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Acquirers are allergic to risk, which is why your dependency on a single supplier can drag down the value of your business.
A supplier could be a vendor who sells you raw materials, but it can also be a sales channel used to advertise and promote your wares. For example, if you get many of your sales from Google organic search, you likely live in fear that Google will change its search algorithm. If you pick up most of your sales from the Shopify App Store or iTunes Store, you likely worry about your platform risk.
And if you’re making most of your sales on Amazon, expect to take a haircut when you go to sell your business.
How Beast Gear Approached Its Dependency on Amazon
To see how sales channels like Amazon can be both a blessing and a curse, let’s look at the story of U.K.-based Beast Gear. The Beast Gear story started when Ben Leonard found himself in bed with a heart problem in his early 20’s (He’s fit and healthy now.) His doctors told him to rest. Sad to not be able to go to the gym, Leonard cleared out his bag and noticed some of the accessories he used had worn out prematurely.
The experience sparked an idea.
Leonard decided to launch a brand of fitness accessories made to last longer and cost less than the alternatives. He named his fledgling company Beast Gear. Leonard borrowed around 1,000 pounds from his father. He ordered 250 skipping ropes with the Beast Gear logo and began selling on Amazon.
Three years later, Beast Gear was turning over more than 4 million pounds — 95% of which were sales made through Amazon. Leonard knew he had become too dependent on Amazon, so he worked hard to build his brand “off Amazon.” He created a Beast Gear website and a YouTube channel where he featured his instructional videos. He built an Instagram following and interacted directly with his customers. Leonard created an innovative chatbot workflow that encouraged people who bought Beast Gear on Amazon to register an email address with Beast Gear. That way, Leonard was able to send new product announcements to his list, bypassing Amazon altogether.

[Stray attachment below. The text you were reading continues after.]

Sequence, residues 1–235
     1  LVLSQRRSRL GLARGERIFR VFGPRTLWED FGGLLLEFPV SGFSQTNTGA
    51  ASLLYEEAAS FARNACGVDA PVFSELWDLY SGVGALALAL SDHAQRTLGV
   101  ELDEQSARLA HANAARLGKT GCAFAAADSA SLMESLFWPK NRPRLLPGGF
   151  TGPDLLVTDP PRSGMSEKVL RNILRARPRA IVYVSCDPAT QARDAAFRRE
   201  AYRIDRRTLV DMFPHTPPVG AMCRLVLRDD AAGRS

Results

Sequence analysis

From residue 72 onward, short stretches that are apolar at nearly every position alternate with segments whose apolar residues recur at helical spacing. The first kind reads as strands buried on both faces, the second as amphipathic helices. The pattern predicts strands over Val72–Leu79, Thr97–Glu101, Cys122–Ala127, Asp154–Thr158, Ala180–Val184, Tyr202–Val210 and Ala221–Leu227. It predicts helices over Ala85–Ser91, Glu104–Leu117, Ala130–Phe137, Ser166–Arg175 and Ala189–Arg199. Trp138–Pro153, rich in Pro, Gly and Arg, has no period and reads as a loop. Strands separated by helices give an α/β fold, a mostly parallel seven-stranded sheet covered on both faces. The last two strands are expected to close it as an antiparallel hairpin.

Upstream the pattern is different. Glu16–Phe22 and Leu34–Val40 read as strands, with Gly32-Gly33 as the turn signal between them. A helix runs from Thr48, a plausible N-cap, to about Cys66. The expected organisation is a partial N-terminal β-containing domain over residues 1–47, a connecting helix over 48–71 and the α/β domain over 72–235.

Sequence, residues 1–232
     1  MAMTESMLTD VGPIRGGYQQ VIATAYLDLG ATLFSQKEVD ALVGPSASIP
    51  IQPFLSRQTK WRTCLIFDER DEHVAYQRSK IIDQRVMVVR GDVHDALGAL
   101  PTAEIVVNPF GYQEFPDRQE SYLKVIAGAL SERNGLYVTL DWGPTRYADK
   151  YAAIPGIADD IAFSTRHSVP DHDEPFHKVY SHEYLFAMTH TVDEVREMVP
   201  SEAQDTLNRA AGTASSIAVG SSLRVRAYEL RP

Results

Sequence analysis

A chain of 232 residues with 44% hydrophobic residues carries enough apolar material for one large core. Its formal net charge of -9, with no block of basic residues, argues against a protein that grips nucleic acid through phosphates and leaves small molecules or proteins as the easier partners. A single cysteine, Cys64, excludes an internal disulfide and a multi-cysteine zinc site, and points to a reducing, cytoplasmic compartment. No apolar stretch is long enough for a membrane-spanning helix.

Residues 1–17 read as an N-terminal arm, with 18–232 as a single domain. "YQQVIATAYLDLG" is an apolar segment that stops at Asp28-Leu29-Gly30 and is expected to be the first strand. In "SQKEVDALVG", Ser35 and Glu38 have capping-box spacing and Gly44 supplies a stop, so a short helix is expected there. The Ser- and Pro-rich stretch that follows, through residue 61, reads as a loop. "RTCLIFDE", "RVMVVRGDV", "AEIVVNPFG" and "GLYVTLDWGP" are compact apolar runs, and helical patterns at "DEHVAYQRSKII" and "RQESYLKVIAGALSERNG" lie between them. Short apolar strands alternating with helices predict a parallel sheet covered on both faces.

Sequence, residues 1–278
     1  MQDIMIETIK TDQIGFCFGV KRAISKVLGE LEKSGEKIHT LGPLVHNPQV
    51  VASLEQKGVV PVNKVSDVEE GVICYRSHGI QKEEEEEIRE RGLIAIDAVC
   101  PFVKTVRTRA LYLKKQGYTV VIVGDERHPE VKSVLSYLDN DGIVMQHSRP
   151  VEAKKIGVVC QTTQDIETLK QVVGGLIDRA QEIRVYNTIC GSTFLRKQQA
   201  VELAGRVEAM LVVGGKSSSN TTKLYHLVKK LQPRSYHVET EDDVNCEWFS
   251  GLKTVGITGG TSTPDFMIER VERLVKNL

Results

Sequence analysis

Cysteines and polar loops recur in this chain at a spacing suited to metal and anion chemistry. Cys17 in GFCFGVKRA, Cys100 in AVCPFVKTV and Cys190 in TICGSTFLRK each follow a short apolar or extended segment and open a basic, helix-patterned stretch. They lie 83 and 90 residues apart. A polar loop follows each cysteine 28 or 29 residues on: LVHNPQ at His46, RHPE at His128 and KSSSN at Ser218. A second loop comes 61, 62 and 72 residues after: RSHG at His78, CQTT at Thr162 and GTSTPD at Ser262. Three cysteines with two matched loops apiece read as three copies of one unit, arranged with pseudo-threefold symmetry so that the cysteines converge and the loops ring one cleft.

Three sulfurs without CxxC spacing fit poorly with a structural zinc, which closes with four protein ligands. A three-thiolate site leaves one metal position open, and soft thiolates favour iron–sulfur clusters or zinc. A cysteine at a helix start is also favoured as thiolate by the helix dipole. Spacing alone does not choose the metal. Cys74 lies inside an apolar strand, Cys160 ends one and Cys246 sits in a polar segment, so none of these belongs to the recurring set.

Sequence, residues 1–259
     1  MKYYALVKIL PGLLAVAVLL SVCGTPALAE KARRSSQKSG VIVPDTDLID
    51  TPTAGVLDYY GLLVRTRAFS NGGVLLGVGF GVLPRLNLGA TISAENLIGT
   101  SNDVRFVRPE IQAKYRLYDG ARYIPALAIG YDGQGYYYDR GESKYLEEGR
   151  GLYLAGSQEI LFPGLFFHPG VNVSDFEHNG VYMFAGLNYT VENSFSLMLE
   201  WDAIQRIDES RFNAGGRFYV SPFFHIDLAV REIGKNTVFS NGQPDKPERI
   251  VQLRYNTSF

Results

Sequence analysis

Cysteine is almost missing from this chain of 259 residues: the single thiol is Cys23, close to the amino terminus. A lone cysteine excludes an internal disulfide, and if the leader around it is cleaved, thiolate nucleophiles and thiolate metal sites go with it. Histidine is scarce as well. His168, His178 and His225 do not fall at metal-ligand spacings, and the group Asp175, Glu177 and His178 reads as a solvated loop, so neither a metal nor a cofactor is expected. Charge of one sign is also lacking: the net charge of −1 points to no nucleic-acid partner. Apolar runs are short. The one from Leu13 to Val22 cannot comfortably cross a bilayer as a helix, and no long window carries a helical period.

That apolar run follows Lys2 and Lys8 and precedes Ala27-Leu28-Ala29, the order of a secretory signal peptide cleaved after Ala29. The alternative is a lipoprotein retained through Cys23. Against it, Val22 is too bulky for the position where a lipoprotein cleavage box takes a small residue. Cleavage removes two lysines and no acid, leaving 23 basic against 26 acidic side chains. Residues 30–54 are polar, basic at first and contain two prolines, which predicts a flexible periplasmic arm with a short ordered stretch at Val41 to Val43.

Despite his efforts to build his “off Amazon” presence, Leonard still felt vulnerable: “We lived in fear Amazon would push the big red button and de-platform us for whatever reason.”
When Leonard went to sell Beast Gear, he was connected to Thrasio, a private equity group rolling up e-commerce brands. Thrasio’s co-founder loved “the moat” Leonard had built off Amazon, which made Beast Gear somewhat less exposed to the vagaries of Amazon’s search results. Still, Thrasio knew Beast Gear depended on Amazon, so they offered Leonard around three times EBITDA for Beast Gear. That’s less than Leonard would have received had he had a more diversified sales channel.
Leonard’s work to build an off-Amazon brand made his business sellable. However, his valuation was somewhat discounted because most of his sales were still coming in thanks to Jeff Bezos & Co.
The moral of the story? Work hard to reduce your reliance on a key supplier — including any sales channels you rely on. Not only will a diversified sales channel make your business sellable but it will also help you avoid the valuation discount associated with being too dependent on a single platform.